People often turn to civic associations or area commissions for help in preventing development they feel might be detrimental to their neighborhood.

People often turn to civic associations or area commissions for help in preventing development they feel might be detrimental to their neighborhood.

Jody Dzuranin would like her area to become part of the Northwest Civic Association's territory to perhaps encourage development, as well as to bring some recognition to a part of Columbus nestled between Dublin and Hilliard.

"I feel like nobody knows we're out here," Dzurian said last week.

"I would love to see a restaurant or two come out here," she said.

"I don't know how ... they even decide this would be a good place for any business. There's just not a lot of business out here.

"I would like us to be a place that would attract business."

Dzuranin lives in a development that's about in the middle of an area bounded on the north by Rings Road, the east by Avery Road, the south by Hayden Run Road and the west by Cosgray Road.

The issue of the Northwest Civic Association adding the area near the Mall at Tuttle Crossing and west of the Scioto River was discussed at the board of directors meeting earlier this month.

Lots of small neighborhoods throughout Columbus face the same situation when it comes to coping with development questions, NWCA President John Ehlers said during the meeting, at which no decision was made.

"They are at a distinct disadvantage," Ehlers said. "They are going to need some representation.

"I do believe there is a need for this, and we could play a role."

Dzuranin and her husband, Stephen, moved to their present home, which is in Columbus but has a Dublin address, from their former residence.

They lived for 17 years in the house on Smoky Row Road, which is also in Columbus but had a Worthington address.

Their previous home was in a subdivision, she said, that dated to 1989.

"Nobody was really in charge of maintaining the infrastructure ... and at that time it was sort of like a forgotten area," Dzuranin said.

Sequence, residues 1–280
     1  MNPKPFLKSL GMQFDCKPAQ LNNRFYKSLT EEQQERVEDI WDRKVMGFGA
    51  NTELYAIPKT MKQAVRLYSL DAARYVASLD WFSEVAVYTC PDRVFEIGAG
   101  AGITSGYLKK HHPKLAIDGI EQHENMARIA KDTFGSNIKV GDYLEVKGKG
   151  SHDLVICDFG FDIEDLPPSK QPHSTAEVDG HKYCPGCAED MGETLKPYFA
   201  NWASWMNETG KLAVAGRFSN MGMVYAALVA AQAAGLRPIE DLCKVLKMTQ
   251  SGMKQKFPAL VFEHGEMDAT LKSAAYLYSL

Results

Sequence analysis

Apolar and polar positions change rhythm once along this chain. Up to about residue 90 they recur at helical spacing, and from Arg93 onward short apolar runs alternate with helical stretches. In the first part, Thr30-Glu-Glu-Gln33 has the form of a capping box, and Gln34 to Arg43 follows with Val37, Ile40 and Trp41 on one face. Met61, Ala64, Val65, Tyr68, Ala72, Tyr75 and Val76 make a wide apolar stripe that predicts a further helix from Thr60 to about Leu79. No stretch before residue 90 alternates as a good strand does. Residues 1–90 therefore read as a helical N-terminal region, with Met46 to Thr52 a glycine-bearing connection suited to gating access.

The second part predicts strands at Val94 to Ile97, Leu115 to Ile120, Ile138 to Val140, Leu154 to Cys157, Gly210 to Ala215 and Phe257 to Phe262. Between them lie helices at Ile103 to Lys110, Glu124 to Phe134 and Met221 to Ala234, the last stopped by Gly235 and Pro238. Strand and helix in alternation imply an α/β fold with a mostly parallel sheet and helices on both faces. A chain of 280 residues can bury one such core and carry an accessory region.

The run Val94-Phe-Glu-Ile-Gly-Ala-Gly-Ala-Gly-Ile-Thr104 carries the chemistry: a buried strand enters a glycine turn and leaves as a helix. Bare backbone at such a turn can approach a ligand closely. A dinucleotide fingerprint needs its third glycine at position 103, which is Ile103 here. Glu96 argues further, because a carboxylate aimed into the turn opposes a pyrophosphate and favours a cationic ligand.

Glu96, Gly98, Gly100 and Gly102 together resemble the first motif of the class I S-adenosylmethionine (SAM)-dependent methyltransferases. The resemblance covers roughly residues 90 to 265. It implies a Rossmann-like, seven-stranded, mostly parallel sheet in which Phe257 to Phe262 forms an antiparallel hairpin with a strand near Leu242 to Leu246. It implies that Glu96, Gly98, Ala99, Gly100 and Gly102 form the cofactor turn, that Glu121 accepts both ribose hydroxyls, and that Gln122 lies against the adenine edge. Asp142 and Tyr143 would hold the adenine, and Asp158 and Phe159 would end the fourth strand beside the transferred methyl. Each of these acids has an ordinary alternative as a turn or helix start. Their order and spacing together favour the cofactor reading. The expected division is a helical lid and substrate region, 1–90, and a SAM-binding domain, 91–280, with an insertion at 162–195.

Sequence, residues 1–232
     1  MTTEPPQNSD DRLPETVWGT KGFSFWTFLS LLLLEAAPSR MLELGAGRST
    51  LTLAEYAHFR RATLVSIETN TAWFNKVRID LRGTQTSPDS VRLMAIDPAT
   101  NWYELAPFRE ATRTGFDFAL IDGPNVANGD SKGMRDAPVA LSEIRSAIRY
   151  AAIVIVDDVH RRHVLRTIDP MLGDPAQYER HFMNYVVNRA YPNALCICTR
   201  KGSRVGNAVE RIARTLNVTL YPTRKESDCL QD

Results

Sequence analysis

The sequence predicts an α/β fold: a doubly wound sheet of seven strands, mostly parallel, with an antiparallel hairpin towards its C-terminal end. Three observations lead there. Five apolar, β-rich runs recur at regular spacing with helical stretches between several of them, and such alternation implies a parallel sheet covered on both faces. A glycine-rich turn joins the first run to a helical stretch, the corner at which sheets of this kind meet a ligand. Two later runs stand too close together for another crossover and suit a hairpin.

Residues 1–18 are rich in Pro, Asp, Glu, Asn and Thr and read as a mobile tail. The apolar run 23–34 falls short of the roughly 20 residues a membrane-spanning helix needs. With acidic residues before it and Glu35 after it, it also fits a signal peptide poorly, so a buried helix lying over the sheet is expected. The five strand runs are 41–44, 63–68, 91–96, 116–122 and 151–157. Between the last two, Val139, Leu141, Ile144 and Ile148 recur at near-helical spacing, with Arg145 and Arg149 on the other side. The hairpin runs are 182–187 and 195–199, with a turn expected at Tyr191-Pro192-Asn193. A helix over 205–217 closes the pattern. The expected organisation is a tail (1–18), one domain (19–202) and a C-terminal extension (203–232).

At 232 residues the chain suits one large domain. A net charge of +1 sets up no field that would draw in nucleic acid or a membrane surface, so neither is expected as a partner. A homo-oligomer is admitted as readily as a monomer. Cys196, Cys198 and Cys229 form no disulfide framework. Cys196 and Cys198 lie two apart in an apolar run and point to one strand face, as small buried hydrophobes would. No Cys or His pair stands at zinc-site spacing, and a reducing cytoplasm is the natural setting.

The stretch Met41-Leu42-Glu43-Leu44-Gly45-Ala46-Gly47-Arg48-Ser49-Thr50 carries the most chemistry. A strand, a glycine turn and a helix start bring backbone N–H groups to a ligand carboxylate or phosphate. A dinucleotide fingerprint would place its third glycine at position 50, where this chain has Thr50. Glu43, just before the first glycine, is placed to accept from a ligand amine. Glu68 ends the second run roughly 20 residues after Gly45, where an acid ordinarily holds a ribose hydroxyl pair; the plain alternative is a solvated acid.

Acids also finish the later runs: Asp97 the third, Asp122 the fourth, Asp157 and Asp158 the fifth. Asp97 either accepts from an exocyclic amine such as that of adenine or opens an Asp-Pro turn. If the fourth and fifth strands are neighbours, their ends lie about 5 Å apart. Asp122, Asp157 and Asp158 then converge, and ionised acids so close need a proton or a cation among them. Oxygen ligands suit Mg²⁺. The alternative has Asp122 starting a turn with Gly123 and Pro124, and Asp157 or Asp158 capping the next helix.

"Somebody had put up Crime Watch signs but I never saw a Block Watch or anything," she said.

"It seemed like the developers created the area and moved on.

"There just wasn't a community feel to it."

The eco-friendly house the Dzuranins moved into three years ago in a development of about 2,000 residents, mostly single-family homes with some condominiums, was one of the city's first "pay-as-you-go" developments, under which residents pay a monthly fee that is to be used for parks and infrastructure improvements that will eventually be needed.

While Dzuranin sits on the Hayden Run Community Development Authority that will be involved in spending decisions for that funding, she wasn't certain how she and her neighbors would learn of development proposals from outside their neighborhood, or how to encourage things like restaurants to locate nearby.

Dzuranin's commute to the Consider Biking office in Clintonville takes her through much of the Northwest Side, and she eventually became aware of the existence of the civic association and began attending the board's monthly meetings.

"I just really stumbled across it on the city development website," she said.

"I really was going there more for an educational opportunity.

"I'm somebody who wants to be part of a good process and to see things moving forward.

"It's going to continue to develop out here, and I want to see it be done positively and proactively and not a tug of war."

At the April 4 NWCA board meeting, Ehlers said adding the area would be as simple as informing city officials of the boundary expansion.

It could be the civic association will take the new area "under our wing," he said, until such time as the residents want to form their own organization.

"It's a good way to learn," Dzuranin said.

"Right now I don't think we're big enough to set up our own civic association," she said.

"I thought the fact we could be mentored by them and then as we grow if necessary spin off and do our own thing."

The issue will remain for the time being under old business on the board's agenda, Ehlers said, although a vote will likely be taken at some point.